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Anthem Adrift
Spelunk This
08/27/2010, Alofi, Niue

The Chimney

August 26

Have stumbled upon a few comments placed onto blog site up to a month and a half ago. Please feel free to add them, but replies may take awhile as they are seldom checked even when internet available. This foolish flood of folderol is foisted upon you via radio waves.

Just barely able to rerun halyard over only remaining, usable, free sheave pushing from top and pulling from bottom. Masthead is on exponentially growing list of projects for New Zealand. Anyway, checked the 'boat work' box and went diving.

Six of us easily found 'The Chimney' for additional exploration. All went in at top (5 meters) and out at bottom (30 meters) except Stuart whose head explodes at 50 feet. Pretty cool, but there was better. Dave and I found a narrow spooky entrance to 'Bubble Cave', which is completely dark (he had a flashlight, um, torch - he's British, you know). Great schools of fish hang out there hiding, one presumes, from higher food chain creatures. Upper part of cave is above water, but accessible only from below. Exited by easier route and took others back, then into pretty extensive lighted caves and grottos. Topography in open includes deep, narrow, sometimes overhung, chasms. Snakes. Way cool. As today's group is sailing in the morning, may try to gin up interest for reprise with new fun-seekers before departure NLT Monday for Pago Pago.

Tomorrow is a seven man van of caves by car. An uplifted coral atoll, Niue is lousy with them.

Jack

Tried to Work, But Caved
08/26/2010, Alofi, Niue

Auto at Chimney

August 25

Following full English breakfast (with baked beans - Brits are weird) at Yacht Club, returned to boat, climbed mast, with some difficulty ran light, weighted line down over proper masthead sheave, tied it off to halyard and promptly broke it while attempting to pull said halyard through said sheave. Blew off all attempted productive activity at that point (have yet to put away Monday's laundry) to go diving with Jacksters.

After searching for 35 of the 40 minutes available on decompression dive, finally found lower cave entry to The Chimney (not far from an automobile?), just in time to go up and hope to get out at top. Cool. Tomorrow following second try at reaving halyard (this time with help), plan return there for pictures, then Bubble Cave, which is reported harder to find. Because of distance, may have to pay dive operator or not go to Snake Cave where there are reputedly snarls of snakes. Despite some archeologically significant crap, have no expectation of seeing Indy. Besides, even if Callista is working some serious magic, he's like 90, right?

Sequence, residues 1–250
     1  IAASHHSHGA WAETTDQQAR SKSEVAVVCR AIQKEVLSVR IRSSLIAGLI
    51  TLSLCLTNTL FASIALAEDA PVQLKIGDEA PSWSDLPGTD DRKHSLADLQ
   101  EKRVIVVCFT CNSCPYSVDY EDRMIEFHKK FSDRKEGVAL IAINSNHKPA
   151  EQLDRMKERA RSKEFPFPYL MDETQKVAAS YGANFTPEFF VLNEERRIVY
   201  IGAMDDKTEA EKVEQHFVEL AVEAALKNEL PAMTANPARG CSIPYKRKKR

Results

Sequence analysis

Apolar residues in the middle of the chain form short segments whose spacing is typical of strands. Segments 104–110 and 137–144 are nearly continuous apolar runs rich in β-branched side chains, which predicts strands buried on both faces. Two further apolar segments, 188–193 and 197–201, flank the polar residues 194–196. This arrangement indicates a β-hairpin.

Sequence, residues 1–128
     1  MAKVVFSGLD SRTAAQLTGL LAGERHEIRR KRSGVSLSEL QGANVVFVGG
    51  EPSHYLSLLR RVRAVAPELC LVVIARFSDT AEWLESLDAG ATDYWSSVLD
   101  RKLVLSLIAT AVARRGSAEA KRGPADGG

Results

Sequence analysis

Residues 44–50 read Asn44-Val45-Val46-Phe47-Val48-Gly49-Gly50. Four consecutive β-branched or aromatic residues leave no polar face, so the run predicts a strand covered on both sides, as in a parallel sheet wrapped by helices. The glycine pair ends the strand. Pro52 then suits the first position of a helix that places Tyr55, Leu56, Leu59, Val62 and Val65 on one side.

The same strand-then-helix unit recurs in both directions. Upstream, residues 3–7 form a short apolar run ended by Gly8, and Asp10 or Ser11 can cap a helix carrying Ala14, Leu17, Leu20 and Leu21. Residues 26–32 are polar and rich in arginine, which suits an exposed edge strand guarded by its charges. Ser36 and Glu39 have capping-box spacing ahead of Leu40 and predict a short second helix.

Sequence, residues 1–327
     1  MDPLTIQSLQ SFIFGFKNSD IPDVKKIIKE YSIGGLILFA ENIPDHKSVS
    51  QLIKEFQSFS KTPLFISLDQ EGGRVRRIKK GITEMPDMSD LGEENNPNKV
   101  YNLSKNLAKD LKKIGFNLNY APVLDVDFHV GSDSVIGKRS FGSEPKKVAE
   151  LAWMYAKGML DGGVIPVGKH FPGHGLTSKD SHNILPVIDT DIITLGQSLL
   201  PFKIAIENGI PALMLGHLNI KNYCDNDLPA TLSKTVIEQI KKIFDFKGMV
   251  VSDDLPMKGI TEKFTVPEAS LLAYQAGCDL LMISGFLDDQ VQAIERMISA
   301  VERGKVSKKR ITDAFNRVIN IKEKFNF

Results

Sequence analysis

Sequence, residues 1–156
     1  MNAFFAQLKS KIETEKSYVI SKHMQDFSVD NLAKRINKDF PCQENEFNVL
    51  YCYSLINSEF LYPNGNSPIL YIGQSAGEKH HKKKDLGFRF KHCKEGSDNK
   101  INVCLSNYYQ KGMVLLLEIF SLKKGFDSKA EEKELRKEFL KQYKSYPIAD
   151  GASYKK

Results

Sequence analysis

Jack

This Space Intentionally Left Blank
08/25/2010, Alofi, Niue

Cave

August 24

No habla blog today.

Finally got wifi aboard and, after spending morning touring north end of Niue (great caves down to the ocean), have been catching up with finances and researching boat part shipments into American Samoa, next destination. USPS is responsible there, to the degree that's the case anywhere, and is inexpensive.

Plan for tomorrow after breakfast at Yacht Club is fixing stuff, previously mentioned and from discouragingly long list, and cleaning. All ashiver in anticipation.

Jack

Scuba and Skepticism
08/24/2010, Alofi, Niue

Cotton Mouth Moray

August 23

This morning, after a quick scan, was pleased to discover that last night's entry was vaguely comprehensible. Suspect that John & Chris put gin in their gin and tonics, which would thus explain the fuzzy recollection. Forewarned of their insidious proclivity, will show more restraint in future.

Cleared into Niue (NYOO ay - with 1300 residents perhaps the smallest self- governing country on earth) this morning for free, but leaving requires a fair bit of New Zealand cash. There are no ATMs on the island so it's the Hotel California if you're strapped. Actually have Kiwi bucks, but bank will exchange US $ at reasonable rates.

Interesting dive with Jacksters (caught up with them again after a few weeks) in the mooring field from 10 down to 40 meters around ridges and through deep, narrow canyons. Saw a cotton mouth moray, 18th century bowers (anchors) and numerous sea snakes with cobra-lethal venom. Have been assured with great sincerity that they don't bite. Ah! They are sufficiently friendly as to wrap around body parts and climb into wet suits where there's an opening. Ah! So I grabbed a couple. One swam leisurely through my hand, then away and the other turned around to check out the imposition. At this point I discovered alternate amusement.